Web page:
House passes revised coronavirus relief bill, but it’s unlikely to move in the Senate

The House passed a $2.2 trillion coronavirus relief bill on Thursday, as the prospects for a deal between Democrats and the White House seem to be fading.  But the bill is unlikely to move through the Republican-led Senate, as Senate Majority Leader Mitch McConnell has indicated that he would not support any legislation that has a price tag of more than $2 trillion.

The bill passed almost entirely along party lines, with only 18 Democrats voting against it. 

House Speaker Nancy Pelosi told reporters on Thursday that Democrats and the Trump administration were still far apart on issues including funding for state and local governments, and there is “a stark difference not just of dollars, but of values.”

After discussions with Treasury Secretary Steven Mnuchin in recent days, Pelosi said the two also remain “way off” on a child tax credit, which Democrats want to have included in any deal. But she also said that they’re “in the ballpark” on health care provisions and assistance for small businesses.

She said that she was “hoping” the House would vote on the revised HEROES Act on Thursday but still expressed some optimism that a deal could be reached with the White House.

“Hopefully, we can find our common ground on this and do so soon,” she said, but she reiterated her argument that a smaller relief bill is not better than no bill at all.

“People say, ‘Isn’t something better than nothing?’ No, there can be an opportunity cost,” Pelosi said in her press conference, giving the example of a tax cut which Republicans would like to include in a final proposal. House members could return to their districts to campaign as soon as Thursday evening, meaning that the window to pass any legislation is closing quickly.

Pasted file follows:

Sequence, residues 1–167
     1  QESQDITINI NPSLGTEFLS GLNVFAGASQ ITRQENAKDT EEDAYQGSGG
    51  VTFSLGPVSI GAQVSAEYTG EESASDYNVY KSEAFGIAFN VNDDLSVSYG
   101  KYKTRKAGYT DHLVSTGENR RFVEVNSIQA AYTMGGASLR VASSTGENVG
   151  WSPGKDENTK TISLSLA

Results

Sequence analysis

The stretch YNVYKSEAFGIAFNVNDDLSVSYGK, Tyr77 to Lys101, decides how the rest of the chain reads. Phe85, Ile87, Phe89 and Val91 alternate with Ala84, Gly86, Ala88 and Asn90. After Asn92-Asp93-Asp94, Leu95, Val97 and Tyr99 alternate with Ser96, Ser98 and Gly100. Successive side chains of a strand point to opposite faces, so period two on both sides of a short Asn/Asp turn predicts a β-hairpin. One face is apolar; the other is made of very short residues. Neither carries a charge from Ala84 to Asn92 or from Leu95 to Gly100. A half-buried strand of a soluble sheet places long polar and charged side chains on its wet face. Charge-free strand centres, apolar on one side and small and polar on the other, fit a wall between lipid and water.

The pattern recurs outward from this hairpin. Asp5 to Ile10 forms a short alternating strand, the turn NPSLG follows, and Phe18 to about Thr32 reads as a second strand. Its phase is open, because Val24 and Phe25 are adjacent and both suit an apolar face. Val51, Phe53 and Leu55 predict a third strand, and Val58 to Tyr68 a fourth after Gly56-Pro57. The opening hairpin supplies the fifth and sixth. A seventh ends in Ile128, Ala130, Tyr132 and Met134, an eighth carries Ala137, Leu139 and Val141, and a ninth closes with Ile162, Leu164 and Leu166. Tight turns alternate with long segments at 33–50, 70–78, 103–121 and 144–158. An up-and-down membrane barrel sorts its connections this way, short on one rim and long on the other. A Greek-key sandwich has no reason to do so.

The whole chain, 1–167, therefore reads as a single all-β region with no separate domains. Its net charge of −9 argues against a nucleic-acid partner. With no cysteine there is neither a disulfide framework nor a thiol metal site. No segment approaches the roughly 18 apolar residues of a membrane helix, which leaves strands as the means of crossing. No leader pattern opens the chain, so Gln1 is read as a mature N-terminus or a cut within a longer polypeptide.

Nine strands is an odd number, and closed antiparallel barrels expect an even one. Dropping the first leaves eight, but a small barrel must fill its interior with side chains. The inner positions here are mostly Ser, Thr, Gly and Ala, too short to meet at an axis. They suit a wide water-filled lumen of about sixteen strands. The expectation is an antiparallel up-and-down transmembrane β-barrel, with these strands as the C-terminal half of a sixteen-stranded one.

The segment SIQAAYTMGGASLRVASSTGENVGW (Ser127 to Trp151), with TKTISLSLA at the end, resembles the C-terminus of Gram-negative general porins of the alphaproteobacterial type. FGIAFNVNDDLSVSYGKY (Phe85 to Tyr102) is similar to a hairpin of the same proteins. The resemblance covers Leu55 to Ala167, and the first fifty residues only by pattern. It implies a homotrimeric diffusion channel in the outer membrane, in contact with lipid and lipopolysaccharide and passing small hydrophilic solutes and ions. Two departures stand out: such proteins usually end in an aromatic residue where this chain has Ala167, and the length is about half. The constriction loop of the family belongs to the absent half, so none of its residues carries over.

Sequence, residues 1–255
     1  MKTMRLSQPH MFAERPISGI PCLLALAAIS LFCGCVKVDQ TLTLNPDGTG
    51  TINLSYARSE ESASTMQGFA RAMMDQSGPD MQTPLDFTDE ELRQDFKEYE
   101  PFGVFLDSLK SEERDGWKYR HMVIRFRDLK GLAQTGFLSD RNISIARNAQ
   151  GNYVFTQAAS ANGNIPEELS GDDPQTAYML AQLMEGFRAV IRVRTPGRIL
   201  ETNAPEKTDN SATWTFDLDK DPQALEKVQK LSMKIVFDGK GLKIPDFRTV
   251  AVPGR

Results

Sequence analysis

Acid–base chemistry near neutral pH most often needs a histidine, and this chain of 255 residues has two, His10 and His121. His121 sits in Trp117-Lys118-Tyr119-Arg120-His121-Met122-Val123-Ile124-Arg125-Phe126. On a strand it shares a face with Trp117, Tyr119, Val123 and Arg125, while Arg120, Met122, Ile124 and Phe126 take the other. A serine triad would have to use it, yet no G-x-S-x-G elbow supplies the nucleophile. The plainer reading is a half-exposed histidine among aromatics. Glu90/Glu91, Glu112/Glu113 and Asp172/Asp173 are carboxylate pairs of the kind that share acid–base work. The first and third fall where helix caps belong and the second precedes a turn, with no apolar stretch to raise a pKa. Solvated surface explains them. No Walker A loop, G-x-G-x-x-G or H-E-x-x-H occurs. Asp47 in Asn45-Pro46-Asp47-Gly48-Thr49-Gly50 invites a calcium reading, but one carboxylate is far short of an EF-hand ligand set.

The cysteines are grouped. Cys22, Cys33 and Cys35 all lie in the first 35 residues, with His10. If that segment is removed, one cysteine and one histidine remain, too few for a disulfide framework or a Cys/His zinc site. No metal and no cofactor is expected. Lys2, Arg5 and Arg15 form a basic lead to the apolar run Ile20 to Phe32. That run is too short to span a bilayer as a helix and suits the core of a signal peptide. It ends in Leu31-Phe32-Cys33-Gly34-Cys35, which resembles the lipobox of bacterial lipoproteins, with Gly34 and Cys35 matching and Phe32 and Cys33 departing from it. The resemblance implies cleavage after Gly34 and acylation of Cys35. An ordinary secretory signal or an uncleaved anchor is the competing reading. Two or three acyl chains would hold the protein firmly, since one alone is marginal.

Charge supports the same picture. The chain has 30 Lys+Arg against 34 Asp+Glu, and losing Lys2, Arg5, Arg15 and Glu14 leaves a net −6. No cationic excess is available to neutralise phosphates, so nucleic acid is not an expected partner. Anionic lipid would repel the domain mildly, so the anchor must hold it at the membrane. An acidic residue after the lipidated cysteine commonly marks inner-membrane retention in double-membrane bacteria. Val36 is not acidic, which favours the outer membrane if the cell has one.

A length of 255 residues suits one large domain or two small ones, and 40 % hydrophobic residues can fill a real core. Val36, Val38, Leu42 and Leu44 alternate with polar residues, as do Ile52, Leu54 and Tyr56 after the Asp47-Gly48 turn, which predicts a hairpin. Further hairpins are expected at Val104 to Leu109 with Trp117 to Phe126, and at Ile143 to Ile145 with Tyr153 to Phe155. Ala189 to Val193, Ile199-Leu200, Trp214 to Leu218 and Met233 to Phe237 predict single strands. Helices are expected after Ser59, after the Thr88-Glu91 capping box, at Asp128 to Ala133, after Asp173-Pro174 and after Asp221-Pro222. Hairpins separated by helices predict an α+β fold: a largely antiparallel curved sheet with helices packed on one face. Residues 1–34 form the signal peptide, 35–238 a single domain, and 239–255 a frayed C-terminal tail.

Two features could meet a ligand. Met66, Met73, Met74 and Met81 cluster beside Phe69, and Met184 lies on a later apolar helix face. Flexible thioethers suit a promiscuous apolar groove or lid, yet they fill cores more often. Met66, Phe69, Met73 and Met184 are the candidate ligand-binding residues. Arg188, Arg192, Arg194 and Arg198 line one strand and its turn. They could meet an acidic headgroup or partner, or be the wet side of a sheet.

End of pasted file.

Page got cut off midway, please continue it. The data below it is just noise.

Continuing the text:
The revised HEROES Act is a slimmed-down version of the $3.4 trillion relief bill the House passed in May. It would restore a popular benefit providing an additional $600 per week on top of unemployment benefits, deliver another round of direct payments and provide funding for schools and state and local jurisdiction.

Some of the more moderate Democrats in the House had pushed Pelosi to put another bill on the floor. The bipartisan House Problem Solvers Caucus introduced a bill that would cost around $2 trillion, and Mnuchin said on Wednesday that his $1.6 trillion counteroffer to Pelosi would be similar to that framework.

A House Democratic aide confirmed to CBS News that Mnuchin and Pelosi were expected to speak on the phone on Thursday afternoon to continue negotiations.

McConnell said Wednesday that “the thought that Senate Republicans would go up to $2.2 trillion is outlandish.”

White House Press Secretary Kayleigh McEnany also dismissed Pelosi as being “unserious” in negotiations. She praised the White House offer for a $1.6 trillion proposal, but said Democrats are refusing to budge.

“Nancy Pelosi is not being serious. If she becomes serious, then we can have a discussion here,” McEnany said at a press briefing on Thursday. She added

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How to Save Cash and Move Abroad

Editor’s Note: APYs listed in this article are up-to-date as of the time of publication. They may fluctuate (up or down) as the Fed rate changes. CNBC will update as changes are made public.

Buying a house is a major milestone that can be both scary and fun — getting a mortgage can be complicated, but there’s a lot of joy in owning your own place. But buying a house in another country takes this experience to a whole different level, as you navigate new financial systems and different laws and real estate customs.

Expats Amon and Christina Browning know the highs and lows of this experience first hand. The couple moved with their children to Lisbon, Portugal in July of 2019 to enjoy early retirement and life overseas — and a year later they bought a home there.

The Brownings rented an apartment for a year, while they searched for the perfect home and learned the ins and outs of establishing residency in their new country.

This summer, they found what they were looking for: A two-story, move-in-ready house on 1 acre of land with a garden and covered terrace.

The Browning Family house in Portugal.

Photo courtesy of Christina and Amon Browning.

Step 1: They committed to a long-term goal

To many, the Brownings’ life seems idyllic. Yet, the couple stresses that achieving their dream would not have been possible had they tried to keep up with the expectations of others.